BPGL: So, the Acadia can keep a house comfortably warm even when it’s 20 degrees below zero (Fahrenheit)?

HALLOWELL: A conventional air-source heat pump only works down to freezing conditions. And that was the significance behind the Acadia. We actually rated the system to 30 degrees below zero, with the same efficiencies that you see with conventional air-source heat pumps in milder conditions. This is due to our patented technology, the “secret sauce” behind the Acadia.

BPGL: How do you control frost buildup?

HALLOWELL: As it gets colder outside, there’s less relative humidity in the air. It actually gets easier for us to handle frost buildup. The toughest part of the winter for us, or for any air-source heat pump, is the conditions between 25 and 40 degrees. That’s when the relative humidity in the winter air is highest. That’s when you’re going to accumulate frost.

The engineering into the Acadia really fell into the 25 to 40 degree range. The greatest penalty associated with any air-source heat pump is going to be its necessity to defrost. So we said, if we’re going to peak our efficiency of the Acadia for winter heating conditions, let’s design it around the defrost.

The Cooperative Research Network, which is the research branch of the National Rural Electric Cooperative Association, studied us in seven states alongside conventional air-source heat pumps. We defrosted approximately 50% less than the conventional air-source heat pump we were studied against, which was remarkable in itself. The Acadia also used less than 5% supplemental heat compared to over 40% used by the conventional heat pump.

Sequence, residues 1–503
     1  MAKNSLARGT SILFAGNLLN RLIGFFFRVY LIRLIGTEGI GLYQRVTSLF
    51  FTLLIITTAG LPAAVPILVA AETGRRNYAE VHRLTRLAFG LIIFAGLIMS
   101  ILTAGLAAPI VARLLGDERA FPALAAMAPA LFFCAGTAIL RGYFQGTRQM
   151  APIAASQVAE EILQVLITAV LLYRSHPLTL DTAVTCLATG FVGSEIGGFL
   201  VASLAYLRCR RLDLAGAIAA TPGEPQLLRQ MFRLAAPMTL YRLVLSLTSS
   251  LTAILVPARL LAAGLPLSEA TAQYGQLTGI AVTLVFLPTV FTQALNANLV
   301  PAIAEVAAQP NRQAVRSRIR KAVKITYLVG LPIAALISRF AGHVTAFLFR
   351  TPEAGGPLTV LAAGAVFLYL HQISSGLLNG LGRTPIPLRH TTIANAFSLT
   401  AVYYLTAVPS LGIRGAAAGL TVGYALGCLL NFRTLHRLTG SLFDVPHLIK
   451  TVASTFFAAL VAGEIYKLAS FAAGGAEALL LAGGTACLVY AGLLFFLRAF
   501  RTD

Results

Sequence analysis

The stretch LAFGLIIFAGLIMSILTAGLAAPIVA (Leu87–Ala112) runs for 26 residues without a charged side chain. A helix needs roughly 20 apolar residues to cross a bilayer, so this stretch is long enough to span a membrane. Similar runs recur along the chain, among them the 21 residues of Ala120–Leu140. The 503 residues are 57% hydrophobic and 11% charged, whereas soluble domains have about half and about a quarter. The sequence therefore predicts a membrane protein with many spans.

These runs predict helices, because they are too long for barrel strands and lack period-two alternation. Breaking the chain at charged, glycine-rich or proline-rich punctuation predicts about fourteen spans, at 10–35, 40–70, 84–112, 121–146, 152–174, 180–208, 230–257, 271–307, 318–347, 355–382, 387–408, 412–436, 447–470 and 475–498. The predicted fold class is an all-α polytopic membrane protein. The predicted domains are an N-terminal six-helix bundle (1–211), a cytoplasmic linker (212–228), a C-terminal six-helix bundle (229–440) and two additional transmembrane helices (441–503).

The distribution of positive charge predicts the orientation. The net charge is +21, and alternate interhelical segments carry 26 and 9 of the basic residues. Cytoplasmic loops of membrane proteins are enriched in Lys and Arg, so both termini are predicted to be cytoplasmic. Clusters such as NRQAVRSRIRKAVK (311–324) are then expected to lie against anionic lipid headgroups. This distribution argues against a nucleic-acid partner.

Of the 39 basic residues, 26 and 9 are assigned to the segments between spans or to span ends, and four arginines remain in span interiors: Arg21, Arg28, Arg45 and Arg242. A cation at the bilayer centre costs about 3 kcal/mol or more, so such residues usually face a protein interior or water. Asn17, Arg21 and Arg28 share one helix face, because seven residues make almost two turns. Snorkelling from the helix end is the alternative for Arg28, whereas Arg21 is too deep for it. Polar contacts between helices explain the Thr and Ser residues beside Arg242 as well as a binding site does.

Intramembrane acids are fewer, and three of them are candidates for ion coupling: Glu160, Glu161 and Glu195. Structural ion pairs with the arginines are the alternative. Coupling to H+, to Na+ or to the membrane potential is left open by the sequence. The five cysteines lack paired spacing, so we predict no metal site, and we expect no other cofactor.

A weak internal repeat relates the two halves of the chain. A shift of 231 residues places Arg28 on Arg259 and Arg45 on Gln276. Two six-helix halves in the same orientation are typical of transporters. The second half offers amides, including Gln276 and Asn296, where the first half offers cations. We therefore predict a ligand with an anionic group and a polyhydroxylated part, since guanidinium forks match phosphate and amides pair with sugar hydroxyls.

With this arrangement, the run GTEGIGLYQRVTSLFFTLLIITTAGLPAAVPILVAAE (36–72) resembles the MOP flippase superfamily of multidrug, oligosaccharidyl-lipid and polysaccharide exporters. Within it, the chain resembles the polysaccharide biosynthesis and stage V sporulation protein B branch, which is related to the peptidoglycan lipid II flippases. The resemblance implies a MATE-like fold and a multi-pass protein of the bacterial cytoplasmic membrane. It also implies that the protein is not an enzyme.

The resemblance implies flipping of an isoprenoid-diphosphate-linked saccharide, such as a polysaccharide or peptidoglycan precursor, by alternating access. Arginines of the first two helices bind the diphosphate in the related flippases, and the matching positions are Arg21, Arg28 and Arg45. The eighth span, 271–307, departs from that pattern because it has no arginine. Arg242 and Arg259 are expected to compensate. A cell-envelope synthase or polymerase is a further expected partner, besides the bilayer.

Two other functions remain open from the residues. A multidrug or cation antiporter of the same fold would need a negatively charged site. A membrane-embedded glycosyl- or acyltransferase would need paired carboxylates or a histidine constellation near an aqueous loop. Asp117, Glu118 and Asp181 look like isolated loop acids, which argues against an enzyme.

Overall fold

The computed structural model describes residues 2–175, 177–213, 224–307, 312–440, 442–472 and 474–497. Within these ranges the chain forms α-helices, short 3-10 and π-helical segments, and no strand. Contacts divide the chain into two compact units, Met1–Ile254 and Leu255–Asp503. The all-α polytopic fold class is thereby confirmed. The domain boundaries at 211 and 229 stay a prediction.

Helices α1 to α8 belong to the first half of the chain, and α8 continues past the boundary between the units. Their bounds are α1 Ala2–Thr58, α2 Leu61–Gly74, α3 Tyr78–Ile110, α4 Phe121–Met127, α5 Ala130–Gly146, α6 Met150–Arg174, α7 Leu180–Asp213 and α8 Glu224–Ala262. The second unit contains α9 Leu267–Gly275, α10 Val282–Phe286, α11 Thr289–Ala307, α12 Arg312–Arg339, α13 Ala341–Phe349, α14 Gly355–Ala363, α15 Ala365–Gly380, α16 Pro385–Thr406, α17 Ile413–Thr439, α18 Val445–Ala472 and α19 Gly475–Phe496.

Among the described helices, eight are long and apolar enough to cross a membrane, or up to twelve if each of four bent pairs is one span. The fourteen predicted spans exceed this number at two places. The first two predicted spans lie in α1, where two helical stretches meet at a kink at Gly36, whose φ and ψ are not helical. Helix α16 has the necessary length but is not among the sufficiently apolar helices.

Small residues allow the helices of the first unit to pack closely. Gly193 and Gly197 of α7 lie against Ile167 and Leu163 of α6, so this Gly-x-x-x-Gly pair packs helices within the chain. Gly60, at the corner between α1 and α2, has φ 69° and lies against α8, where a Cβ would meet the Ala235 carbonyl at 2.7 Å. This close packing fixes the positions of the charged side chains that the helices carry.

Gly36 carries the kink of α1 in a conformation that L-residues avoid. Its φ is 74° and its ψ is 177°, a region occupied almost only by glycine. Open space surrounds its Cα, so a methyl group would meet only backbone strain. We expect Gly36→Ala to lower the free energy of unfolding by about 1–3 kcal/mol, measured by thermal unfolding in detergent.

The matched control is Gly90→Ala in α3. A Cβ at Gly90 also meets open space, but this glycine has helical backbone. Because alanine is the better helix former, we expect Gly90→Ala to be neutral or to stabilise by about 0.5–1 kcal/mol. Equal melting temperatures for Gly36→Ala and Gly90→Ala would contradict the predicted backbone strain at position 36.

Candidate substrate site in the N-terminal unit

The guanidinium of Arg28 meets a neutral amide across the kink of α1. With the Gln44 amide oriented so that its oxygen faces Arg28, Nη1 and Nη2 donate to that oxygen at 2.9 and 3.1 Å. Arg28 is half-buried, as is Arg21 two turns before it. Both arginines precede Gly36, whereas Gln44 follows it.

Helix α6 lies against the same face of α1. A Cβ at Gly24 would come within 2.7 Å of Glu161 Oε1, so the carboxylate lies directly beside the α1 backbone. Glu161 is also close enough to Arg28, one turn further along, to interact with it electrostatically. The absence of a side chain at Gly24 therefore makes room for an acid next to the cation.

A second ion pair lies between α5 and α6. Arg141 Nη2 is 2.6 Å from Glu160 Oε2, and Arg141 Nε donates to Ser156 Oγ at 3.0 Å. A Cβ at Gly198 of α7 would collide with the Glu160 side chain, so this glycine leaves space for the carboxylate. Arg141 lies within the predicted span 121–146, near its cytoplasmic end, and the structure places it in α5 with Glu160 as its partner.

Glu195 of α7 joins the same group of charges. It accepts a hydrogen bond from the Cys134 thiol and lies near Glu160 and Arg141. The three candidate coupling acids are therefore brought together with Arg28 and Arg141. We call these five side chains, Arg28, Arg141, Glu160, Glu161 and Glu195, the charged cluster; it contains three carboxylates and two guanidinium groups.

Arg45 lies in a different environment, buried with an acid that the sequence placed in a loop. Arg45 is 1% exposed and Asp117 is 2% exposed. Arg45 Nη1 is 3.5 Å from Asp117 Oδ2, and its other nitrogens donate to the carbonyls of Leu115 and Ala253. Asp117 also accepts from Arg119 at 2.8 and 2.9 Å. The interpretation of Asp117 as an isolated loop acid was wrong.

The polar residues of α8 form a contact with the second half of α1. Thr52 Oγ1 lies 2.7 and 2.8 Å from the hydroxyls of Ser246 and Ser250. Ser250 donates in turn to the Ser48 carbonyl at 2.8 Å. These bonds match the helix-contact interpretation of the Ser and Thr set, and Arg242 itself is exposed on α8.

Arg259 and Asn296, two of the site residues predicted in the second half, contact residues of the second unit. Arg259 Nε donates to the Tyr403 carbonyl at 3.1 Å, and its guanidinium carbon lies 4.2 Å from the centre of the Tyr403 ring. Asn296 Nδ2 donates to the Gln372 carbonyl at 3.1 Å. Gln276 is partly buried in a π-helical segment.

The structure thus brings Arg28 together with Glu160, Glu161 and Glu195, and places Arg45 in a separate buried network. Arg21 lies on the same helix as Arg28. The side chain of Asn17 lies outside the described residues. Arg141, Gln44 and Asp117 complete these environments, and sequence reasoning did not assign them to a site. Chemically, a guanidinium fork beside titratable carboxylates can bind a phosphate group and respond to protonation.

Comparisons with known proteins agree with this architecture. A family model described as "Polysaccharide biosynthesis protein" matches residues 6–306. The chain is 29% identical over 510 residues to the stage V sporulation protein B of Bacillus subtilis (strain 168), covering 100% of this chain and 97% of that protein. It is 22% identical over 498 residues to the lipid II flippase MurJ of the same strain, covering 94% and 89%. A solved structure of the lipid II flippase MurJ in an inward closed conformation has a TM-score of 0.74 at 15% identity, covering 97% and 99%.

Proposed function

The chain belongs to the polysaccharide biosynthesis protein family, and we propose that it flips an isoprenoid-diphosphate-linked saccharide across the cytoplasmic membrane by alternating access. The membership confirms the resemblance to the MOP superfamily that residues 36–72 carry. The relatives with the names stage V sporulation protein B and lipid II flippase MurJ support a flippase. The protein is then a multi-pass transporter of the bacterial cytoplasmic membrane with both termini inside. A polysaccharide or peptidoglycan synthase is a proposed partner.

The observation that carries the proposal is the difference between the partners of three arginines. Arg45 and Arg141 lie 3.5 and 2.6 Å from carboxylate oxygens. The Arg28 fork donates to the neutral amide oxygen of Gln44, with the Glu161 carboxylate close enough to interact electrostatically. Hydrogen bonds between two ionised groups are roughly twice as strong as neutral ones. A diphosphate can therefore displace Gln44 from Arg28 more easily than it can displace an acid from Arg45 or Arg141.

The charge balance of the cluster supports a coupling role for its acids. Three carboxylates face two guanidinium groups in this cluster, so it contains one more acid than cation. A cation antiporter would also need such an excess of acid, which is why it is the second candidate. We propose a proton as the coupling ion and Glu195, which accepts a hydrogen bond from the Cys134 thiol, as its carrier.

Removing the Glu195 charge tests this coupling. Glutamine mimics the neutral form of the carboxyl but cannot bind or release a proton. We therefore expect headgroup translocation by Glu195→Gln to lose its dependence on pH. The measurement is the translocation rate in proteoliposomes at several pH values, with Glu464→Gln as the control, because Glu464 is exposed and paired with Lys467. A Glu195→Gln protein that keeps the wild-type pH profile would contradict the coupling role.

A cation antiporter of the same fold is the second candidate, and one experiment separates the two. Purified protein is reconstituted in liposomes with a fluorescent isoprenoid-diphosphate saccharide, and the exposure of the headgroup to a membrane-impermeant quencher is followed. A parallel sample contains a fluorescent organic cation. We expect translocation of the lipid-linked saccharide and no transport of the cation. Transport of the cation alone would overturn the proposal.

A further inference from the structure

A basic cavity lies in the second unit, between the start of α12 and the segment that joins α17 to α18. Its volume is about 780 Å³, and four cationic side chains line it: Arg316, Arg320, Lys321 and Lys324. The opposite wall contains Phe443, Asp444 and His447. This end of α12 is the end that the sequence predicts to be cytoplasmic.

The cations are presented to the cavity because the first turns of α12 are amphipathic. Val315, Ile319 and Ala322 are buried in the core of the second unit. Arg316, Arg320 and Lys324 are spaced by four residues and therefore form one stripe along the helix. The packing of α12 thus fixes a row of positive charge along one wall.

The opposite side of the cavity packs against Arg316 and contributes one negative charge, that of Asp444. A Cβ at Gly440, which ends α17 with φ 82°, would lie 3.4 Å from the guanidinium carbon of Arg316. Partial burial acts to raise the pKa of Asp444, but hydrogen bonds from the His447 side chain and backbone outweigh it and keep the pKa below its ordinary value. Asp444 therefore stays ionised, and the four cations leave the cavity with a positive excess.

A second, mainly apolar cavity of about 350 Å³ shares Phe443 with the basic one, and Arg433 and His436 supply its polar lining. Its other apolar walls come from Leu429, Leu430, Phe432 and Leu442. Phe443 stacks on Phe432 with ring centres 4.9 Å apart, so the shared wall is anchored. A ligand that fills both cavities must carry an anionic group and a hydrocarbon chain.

Comparing Costs

BPGL: How does the cost of using the Acadia compare with other heating systems?

HALLOWELL: It varies. The lower the electrical rate, the more favorable the Acadia is — especially over fossil fuel. Here in Maine, we pay 15 cents per kilowatt hour. With current fossil fuel prices, the Acadia provides a 42% savings on average. When you go out to areas where you have a more favorable electric rate, it’s even better. The national average, I believe, is 11 cents per kilowatt hour right now. At 11 cents per kilowatt hour, you’re probably at 55% or greater savings over fossil fuel.

Over natural gas, I’m showing a 25% savings. And you’ve got to remember, natural gas is the closest thing to competition that we have. If a customer doesn’t have natural gas in their town, and they use propane — which is the case in a lot of towns and rural communities — right now at 12 cents per kilowatt hour, that’s a 50% savings with an air-source heat pump. If you were to compare the Acadia to number 2 heating oil or propane, the savings would be even more than that. It’s all case-specific based on electric rates.